Once upon a time there was a hemulen who worked in a pleasure ground, which doesn't necessarily mean having a lot of fun. The hemulen's job was to punch holes in tickets, so that people wouldn't have fun more than once, and such a job is quite enough to make anyone sad if you have to do it all your life. The hemulen punched and punched, and while punching he used to dream of the things he would do when he got his pension at last. In case someone doesn't know what a pension is, it means that you can do what you like in all the peace you wish for, when you're old enough. At least that was how the hemulen's relatives explained it to him.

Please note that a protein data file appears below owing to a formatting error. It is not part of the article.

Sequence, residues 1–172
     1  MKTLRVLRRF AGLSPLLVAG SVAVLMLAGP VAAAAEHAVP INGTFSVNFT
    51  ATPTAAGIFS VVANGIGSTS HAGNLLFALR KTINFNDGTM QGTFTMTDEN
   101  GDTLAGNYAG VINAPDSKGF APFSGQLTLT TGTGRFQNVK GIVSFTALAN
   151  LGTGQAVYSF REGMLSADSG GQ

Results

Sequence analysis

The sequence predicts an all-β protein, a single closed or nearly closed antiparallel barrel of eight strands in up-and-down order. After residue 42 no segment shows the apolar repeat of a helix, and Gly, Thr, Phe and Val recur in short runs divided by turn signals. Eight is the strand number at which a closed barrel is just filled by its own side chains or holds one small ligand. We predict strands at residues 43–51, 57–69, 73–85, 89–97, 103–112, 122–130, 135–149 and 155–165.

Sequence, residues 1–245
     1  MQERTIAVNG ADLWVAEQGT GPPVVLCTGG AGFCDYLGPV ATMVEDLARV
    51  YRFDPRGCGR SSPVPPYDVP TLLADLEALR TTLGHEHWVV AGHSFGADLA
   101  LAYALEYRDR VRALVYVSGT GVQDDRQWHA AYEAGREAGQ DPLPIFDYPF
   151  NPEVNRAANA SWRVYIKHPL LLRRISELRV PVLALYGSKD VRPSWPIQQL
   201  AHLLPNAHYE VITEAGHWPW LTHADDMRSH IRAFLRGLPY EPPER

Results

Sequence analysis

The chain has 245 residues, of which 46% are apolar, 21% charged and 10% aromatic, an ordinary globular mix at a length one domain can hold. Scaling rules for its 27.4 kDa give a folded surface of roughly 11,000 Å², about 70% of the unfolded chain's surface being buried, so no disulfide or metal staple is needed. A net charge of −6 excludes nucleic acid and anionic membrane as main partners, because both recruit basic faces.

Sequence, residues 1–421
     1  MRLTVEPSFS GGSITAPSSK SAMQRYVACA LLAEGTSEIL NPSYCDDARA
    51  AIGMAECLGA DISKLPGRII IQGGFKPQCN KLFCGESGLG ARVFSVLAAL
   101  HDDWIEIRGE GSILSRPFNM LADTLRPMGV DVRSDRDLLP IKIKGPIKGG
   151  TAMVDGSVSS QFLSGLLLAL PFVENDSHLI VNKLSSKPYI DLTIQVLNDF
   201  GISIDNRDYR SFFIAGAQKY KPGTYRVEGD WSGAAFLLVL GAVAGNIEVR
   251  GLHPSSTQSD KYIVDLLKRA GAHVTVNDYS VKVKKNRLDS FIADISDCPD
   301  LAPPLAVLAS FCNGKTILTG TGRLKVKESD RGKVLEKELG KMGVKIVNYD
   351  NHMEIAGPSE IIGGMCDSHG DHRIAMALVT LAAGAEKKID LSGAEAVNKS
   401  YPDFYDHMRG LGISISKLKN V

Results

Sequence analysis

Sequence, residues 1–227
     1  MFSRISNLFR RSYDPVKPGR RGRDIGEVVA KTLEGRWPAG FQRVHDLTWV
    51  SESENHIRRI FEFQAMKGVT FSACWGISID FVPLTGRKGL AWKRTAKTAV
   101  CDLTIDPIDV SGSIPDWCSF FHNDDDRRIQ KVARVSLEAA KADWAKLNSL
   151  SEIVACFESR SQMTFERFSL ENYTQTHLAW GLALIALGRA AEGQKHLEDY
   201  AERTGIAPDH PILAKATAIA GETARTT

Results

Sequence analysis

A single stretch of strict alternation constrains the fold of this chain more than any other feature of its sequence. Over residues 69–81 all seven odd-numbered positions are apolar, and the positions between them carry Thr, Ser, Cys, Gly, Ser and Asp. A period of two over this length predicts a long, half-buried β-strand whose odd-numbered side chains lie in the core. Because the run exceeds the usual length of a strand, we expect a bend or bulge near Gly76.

"You're lonely and have nothing to do," the other hemulens used to tell him in their friendly way. "So it might cheer you up a bit to lend a hand and be among people." "But I'm never lonely," the hemulen tried to explain. "I can't find the time to be. There's always such a lot of people who want to cheer me up. If you don't mind, I'd like so much to..." "Splendid," the relatives said and slapped his back. "That's the thing. Never lonely, always on the go."
The hemulen punched along, dreaming about a great wonderful silent loneliness, and hoped he would grow old as soon as possible. The whirligigs whirled, the trombones trumpeted, gaffsies and whompers and mymbles shrieked in the roller coaster every night. Edward the Booble won a first prize in china smashing, and all around the sad and dreamy hemulen people danced and whooped, laughed and quarreled, and ate and drank, and by and by the hemulen grew simply afraid of noisy people who were enjoying themselves.
Tove Jansson. The Hemulen Who Loved Silence, 1962.